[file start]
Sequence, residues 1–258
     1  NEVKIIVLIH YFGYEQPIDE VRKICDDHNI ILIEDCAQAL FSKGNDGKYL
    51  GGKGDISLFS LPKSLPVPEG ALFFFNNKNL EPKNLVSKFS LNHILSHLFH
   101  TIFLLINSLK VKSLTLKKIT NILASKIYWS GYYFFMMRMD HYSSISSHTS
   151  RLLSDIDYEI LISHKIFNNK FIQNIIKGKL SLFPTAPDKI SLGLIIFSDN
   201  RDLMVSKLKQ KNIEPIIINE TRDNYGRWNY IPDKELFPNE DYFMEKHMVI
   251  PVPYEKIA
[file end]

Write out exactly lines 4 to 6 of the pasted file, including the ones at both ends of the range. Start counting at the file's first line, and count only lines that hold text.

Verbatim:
   101  TIFLLINSLK VKSLTLKKIT NILASKIYWS GYYFFMMRMD HYSSISSHTS
   151  RLLSDIDYEI LISHKIFNNK FIQNIIKGKL SLFPTAPDKI SLGLIIFSDN
   201  RDLMVSKLKQ KNIEPIIINE TRDNYGRWNY IPDKELFPNE DYFMEKHMVI